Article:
An insurance agent gets annoyed when “his” insurance company rejects a client’s application. A lot of work – no commission.
Then the question of compulsory acceptance / compulsory contracting arises – can the intermediary or the customer force the insurer to accept the application?
A compulsion to conclude a contract can always be assumed if there is no real competition on a market, but existentially necessary services are offered (transport, energy, medicine, basic foodstuffs).
Legal obligation to conclude a contract:
Only in very few cases is there a compulsory conclusion for the insurer. For example, the compulsory insurance law (§ 5 PflVG) regulates the compulsory acceptance of motor vehicle liability insurance. However, the insurer must in principle accept the application for motor vehicle liability insurance up to the statutory minimum amounts of cover.
However, the following are excluded (reasons for refusal): Factual or local restrictions (e.g. the insurer only insures regionally or only civil servants). The applicant was already with this insurance company and it was cancelled due to non-payment of premiums or on the occasion of a claim.
The policyholder had violated pre-contractual duties of disclosure. There is a case of non-payment of the initial premium with notice of withdrawal.
The contract was challenged on the grounds of fraudulent misrepresentation or threat. It is conceivable that the insurer will propose a different offer on the basis of its corporate tariff.
Birth of a child in PKV:
In the case of newborns, insurance cover begins immediately after birth if – on the day of birth, one parent has been insured with the insurer under the private health insurance scheme for at least 3 months, the application for insurance is made at the latest 2 months after the day of birth, with retroactive effect from the first of the month of birth, and the insurance cover of the newborn is not higher or more comprehensive than that of an insured parent. In the case of children’s co-insurance, if the above conditions are met, the insurer is obliged to contract, i.e. the insurance application is accepted without benefit exclusions or risk surcharges. In addition, the general and special waiting periods are waived for the newborn.
Statutory health insurance:
In this sense, the GKV is not a (real) insurance, but a pay-as-you-go health care system, because an individual risk assessment by an insurer does not take place here. The health insurance funds are legally obliged to accept every applicant (obligation to contract). The GKV does not charge premiums, but contributions – in return, the GKV member is entitled to medical services.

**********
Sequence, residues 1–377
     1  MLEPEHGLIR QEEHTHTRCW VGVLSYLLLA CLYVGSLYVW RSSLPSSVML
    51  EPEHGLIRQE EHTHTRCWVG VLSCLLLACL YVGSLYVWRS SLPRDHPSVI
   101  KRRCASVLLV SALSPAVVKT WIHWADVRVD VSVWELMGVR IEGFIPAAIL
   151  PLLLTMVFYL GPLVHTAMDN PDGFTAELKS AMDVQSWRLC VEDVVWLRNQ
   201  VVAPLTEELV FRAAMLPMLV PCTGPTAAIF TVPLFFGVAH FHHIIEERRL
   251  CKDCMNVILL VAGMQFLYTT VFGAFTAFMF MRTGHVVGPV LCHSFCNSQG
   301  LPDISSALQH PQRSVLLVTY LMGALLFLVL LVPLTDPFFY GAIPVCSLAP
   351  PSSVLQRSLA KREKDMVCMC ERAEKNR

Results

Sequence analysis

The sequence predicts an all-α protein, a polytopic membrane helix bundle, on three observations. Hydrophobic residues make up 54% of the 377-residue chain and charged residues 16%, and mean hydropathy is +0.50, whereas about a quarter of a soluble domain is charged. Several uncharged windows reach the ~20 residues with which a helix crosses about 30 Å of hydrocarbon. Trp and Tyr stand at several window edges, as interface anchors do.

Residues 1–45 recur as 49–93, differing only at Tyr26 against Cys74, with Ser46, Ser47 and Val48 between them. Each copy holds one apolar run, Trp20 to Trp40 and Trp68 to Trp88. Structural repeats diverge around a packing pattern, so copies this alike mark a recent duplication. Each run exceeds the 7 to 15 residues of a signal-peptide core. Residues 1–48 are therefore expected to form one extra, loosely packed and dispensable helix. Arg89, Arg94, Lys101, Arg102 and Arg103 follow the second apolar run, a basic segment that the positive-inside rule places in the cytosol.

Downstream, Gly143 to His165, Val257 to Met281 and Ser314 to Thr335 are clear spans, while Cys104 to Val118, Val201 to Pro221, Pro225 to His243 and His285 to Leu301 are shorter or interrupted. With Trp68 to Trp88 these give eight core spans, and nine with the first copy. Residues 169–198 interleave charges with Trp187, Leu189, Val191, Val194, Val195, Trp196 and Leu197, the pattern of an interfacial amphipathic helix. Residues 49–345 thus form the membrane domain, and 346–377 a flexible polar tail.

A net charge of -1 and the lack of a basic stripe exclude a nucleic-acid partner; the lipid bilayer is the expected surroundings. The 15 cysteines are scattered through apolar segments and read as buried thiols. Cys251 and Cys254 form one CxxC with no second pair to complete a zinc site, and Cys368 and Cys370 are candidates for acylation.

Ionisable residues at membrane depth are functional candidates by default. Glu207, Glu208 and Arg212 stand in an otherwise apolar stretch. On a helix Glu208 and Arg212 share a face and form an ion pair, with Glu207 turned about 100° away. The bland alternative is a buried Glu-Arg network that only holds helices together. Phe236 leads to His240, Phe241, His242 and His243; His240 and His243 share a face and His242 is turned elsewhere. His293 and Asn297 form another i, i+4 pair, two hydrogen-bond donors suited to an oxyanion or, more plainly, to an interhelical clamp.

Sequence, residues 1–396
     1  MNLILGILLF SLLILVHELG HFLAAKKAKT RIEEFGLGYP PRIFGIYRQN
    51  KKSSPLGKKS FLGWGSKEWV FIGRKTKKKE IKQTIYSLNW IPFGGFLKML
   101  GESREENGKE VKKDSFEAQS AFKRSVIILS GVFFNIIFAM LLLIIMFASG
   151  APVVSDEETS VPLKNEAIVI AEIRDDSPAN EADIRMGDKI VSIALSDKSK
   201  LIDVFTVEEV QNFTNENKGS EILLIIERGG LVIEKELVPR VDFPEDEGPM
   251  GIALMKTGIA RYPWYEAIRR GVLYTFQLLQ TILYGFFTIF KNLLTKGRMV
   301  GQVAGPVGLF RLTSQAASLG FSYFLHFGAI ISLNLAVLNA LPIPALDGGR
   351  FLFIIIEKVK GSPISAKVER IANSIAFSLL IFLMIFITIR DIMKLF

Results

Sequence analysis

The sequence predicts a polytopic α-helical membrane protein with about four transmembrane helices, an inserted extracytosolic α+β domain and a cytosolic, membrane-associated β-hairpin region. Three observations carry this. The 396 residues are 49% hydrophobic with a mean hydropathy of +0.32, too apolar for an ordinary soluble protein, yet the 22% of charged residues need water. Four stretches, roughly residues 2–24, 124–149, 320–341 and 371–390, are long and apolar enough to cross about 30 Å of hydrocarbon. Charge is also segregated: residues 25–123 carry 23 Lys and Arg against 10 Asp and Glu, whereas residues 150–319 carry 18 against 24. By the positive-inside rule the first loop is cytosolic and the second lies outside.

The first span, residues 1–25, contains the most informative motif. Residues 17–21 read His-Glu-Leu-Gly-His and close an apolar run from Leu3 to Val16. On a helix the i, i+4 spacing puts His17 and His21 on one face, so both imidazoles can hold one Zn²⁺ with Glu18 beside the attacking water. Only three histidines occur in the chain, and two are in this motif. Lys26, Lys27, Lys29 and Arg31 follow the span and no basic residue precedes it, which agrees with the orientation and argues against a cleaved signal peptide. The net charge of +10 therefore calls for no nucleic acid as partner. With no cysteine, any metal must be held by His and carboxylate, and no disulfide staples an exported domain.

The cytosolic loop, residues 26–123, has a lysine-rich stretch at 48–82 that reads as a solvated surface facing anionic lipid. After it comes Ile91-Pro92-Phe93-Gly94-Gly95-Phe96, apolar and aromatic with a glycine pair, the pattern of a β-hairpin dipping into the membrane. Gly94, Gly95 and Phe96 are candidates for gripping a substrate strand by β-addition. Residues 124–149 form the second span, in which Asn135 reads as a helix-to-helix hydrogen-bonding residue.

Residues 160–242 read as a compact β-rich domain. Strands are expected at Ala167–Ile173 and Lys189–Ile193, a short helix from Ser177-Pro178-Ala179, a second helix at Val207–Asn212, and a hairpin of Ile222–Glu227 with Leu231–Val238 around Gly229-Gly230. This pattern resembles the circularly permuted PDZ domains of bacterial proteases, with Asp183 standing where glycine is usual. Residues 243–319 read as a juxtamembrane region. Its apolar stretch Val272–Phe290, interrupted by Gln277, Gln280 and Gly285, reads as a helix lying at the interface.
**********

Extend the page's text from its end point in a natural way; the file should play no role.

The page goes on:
Contractual obligation to contract:
Some professional associations have agreed with insurers that their members will always be covered. For example, Deutsche Ärzte-Versicherung has undertaken to insure all members of a state medical association against professional liability risks. Here, too, one speaks of the so-called “obligation to contract”, which guarantees all chamber members sufficient professional liability protection.
Compensation for the intermediary:
The regional court Stuttgart decided by judgement of 21.06.2005 (AZ: 32 O 170/04):
A life insurer acts in breach of duty and must pay damages if it arbitrarily rejects applications that an agent had arranged during the notice period.
In the case in dispute, the insurer had terminated the multi-agency contractual relationship of a structural distributor and its sub-agents with due notice. The insurer had already declared with the ordinary termination that it would no longer accept any further applications from the sales company and its representatives. The insurer rejected the claims subsequently filed in a blanket manner without explanation. This was judged by the district court to be arbitrary conduct on the part of the insurer and the agent was awarded his commission as damages.
Review Acceptance Policy:
The intermediary is therefore well advised to inform himself about the acceptance policy: Reputable insurers say, “We’d rather put a risk through its paces right away than have the hassle of a claim later on”. Other insurers prefer to go to court in the event of a claim – typically, occupational disability insurance in particular is a field in which the lawyer rarely seems to run out of work.
*by Johannes Fiala, Lawyer (Munich), M.B.A. (Univ.Wales), M.M. (Univ.), Certified Financial and Investment Advisor (A.F.A.), EC Expert (C.I.F.E.), Banker (www.fiala.de)
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About the author
Dr. Johannes Fiala has been working for more than 25 years as a lawyer and attorney with his own law firm in Munich. He is intensively involved in real estate, financial law, tax and insurance law. The numerous stages of his professional career enable him to provide his clients with comprehensive advice and to act as a lawyer in the event of disputes.
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